If a thief gives all the stolen money to their friend/family/charitable organization/etc. who has no idea that the money is stolen, and he gets caught, can the money be taken back?

I know that if the prosecution cannot prove the recipient knowingly took stolen money, they cannot be charged guilty. But can that money still be taken away? If not, this could be a huge loophole (e.g. corrupted politician donates to PAC, parents steal money to give their children). But if yes, it's not fair to take money away from someone who's done essentially nothing wrong.

My question is also: Has a case like this happened before? I assume giving stolen money away is not uncommon.

Edit: What if it's not a gift but a purchase; can the seller be forced to take the item back and return the money? What if the item is not tangible hence not returnable (for example, doing a favor)?

Edit 2: Okay, it seems like the seller must give up the money. Then does it mean every seller needs to scan the buyer to suspect whether he or she is a thief? That sounds like a real nuisance. If I sell something on eBay, there's no way I could reasonably know if the money is clean. Is there some legal protection for good faith sellers?

  • Thanks for the reference. Question edited. Dec 15, 2020 at 22:23
  • Actually it did answer my question. Dec 15, 2020 at 22:29
  • 1
    The legal principle is "nemo dat quod non habet" (nobody can donate what he does not own). The original owner can recover stolen property from a third party that buys it in good faith. See article here for a more detailed description. lawteacher.net/free-law-essays/commercial-law/…
    – Pete
    Dec 15, 2020 at 22:39

2 Answers 2


My recollection is there's a big difference between money and property. I found a 1929 law journal article that supports my recollection.

The owner of stolen property is entitled to have it returned. If the person who obtained it from the thief didn't know it was stolen, the person didn't commit a crime, but must give up the property and is not entitled to any compensation (unless the person can get compensation from the thief).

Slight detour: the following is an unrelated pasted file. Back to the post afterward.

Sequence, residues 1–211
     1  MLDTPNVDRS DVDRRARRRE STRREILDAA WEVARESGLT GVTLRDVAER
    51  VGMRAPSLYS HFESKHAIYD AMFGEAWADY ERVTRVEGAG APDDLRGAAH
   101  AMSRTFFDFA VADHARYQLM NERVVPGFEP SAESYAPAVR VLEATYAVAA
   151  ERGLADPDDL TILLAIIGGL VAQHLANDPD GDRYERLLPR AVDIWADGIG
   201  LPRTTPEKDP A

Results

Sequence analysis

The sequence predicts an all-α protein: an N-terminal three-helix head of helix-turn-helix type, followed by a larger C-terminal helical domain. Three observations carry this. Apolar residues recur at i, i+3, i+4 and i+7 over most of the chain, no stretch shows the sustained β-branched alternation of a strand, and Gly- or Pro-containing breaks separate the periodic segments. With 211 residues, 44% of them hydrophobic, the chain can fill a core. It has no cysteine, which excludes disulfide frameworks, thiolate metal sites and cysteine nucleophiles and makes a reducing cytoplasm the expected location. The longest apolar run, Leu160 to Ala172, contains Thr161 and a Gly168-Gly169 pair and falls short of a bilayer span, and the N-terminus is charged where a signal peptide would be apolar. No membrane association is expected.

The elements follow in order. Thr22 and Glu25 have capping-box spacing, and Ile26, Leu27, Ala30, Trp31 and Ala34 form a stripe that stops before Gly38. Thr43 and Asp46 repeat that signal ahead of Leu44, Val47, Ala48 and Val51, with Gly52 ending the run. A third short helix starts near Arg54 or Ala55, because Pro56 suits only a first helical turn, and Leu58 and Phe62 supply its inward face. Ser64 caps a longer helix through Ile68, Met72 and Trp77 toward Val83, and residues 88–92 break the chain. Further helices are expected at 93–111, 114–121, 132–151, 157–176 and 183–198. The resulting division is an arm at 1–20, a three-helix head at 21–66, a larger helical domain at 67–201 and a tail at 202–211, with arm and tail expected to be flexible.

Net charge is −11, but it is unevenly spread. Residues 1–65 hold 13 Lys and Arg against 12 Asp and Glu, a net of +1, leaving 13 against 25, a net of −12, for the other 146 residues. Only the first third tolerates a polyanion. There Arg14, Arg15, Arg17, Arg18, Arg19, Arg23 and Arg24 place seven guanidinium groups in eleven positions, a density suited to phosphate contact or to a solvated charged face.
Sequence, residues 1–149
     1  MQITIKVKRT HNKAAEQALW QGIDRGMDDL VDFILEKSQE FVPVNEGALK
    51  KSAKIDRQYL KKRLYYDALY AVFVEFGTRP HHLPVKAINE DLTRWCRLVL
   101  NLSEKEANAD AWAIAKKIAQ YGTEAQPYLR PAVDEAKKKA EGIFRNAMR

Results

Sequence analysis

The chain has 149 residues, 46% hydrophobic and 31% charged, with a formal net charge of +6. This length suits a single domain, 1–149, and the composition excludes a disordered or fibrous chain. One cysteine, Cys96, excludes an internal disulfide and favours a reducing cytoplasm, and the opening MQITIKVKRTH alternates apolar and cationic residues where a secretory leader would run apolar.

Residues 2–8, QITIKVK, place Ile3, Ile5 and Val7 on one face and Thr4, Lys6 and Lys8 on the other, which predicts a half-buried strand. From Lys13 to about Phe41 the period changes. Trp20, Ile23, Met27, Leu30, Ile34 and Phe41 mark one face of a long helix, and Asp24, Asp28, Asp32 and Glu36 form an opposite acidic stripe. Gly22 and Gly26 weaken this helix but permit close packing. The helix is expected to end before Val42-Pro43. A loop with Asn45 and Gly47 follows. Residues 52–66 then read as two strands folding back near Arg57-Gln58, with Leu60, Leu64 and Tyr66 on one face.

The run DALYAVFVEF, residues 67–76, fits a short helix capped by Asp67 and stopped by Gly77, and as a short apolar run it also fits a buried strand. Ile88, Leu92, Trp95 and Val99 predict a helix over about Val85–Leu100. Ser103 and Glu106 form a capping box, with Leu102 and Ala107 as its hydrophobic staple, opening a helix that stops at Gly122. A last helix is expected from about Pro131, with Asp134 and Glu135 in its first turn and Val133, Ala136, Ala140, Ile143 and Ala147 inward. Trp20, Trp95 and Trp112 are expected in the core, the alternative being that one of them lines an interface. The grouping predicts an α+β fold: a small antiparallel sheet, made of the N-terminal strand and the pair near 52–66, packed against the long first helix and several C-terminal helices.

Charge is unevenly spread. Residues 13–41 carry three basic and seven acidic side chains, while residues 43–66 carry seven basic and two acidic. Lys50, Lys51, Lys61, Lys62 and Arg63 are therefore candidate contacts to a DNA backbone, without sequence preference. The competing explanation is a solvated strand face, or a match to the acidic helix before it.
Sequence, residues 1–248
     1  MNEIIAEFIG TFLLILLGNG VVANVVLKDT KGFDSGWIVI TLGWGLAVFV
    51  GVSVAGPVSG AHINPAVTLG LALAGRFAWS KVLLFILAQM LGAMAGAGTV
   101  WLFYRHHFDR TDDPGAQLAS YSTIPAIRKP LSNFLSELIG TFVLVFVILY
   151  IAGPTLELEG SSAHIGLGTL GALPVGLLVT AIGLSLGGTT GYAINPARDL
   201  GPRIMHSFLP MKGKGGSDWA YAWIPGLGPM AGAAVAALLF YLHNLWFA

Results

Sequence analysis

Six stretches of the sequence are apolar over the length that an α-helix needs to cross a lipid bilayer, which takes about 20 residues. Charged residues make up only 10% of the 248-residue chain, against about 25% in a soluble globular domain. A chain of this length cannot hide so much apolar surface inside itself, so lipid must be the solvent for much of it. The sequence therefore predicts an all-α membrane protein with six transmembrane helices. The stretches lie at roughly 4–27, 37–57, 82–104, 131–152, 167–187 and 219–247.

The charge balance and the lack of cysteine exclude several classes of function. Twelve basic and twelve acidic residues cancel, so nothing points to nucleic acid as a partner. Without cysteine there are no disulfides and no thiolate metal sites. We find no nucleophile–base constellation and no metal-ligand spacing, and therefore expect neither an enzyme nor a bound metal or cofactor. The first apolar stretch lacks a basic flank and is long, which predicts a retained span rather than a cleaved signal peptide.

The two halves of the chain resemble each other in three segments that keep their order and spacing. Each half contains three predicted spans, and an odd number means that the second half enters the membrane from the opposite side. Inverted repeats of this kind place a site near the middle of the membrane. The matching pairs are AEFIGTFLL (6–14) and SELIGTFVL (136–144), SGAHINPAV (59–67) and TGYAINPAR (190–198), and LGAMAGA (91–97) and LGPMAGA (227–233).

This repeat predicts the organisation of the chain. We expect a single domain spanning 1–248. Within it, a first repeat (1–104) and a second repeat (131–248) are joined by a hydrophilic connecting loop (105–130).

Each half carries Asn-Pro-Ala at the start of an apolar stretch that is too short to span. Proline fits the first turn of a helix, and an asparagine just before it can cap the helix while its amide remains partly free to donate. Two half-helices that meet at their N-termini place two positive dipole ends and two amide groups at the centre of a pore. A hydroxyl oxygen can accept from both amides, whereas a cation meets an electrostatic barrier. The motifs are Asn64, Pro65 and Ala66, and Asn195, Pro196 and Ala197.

A person who innocently receives money is the holder in due course, and gets to keep it. The victim's only recourse is to get compensation from the thief.

  • One can only be a "Holder in due course" of commercial paper/negotiable instrument, such as a check or a note. There are special rules for commercial paper that do not apply to cash money or other property. Dec 16, 2020 at 20:21

In England and Wales there is no distinction between money and any other type of property that may be stolen. In fact, it is expressly included in the definition of such property at s.4(1) of the Theft Act 1968

“Property” includes money and all other property, real or personal, including things in action and other intangible property.


Even if it has been passed to an "innocent" party, the money will remain stolen until it is restored to the rightful owner or taken into lawful custody by, say, being seized as evidence by the police under s.24(3) of that Act

[...] no goods shall be regarded as having continued to be stolen goods after they have been restored to the person from whom they were stolen or to other lawful possession or custody... [...]

Therefore, the "innocent" party has to return the money to the victim of the original theft. If this is not done voluntarily, the owner may make a claim to the civil court for an order compelling its return, or (if seized as evidence)  the police or owner may make an application to a Magistrates' Court under s.1(1) of the Police (Property) Act 1897

Where any property has come into the possession of the police ... a court of summary jurisdiction may, on application, either by an officer of police or by a claimant of the property, make an order for the delivery of the property to the person appearing to the magistrate or court to be the owner thereof...

Depending on the circumstances, there may be the potential money laundering and/or handling stolen goods offences - but these can get rather complicated and are potentially off topic.

  • Does that mean that any bank note I am handed might suddenly be taken off me because it was stolen once? Should I investigate every note and coin handed to me to ensure that the person proffering it has good title? C/f Crawford vs Bank of Scotland in 1745, where the court decided that bank notes were different because that would be stupid. Jan 27, 2021 at 14:40

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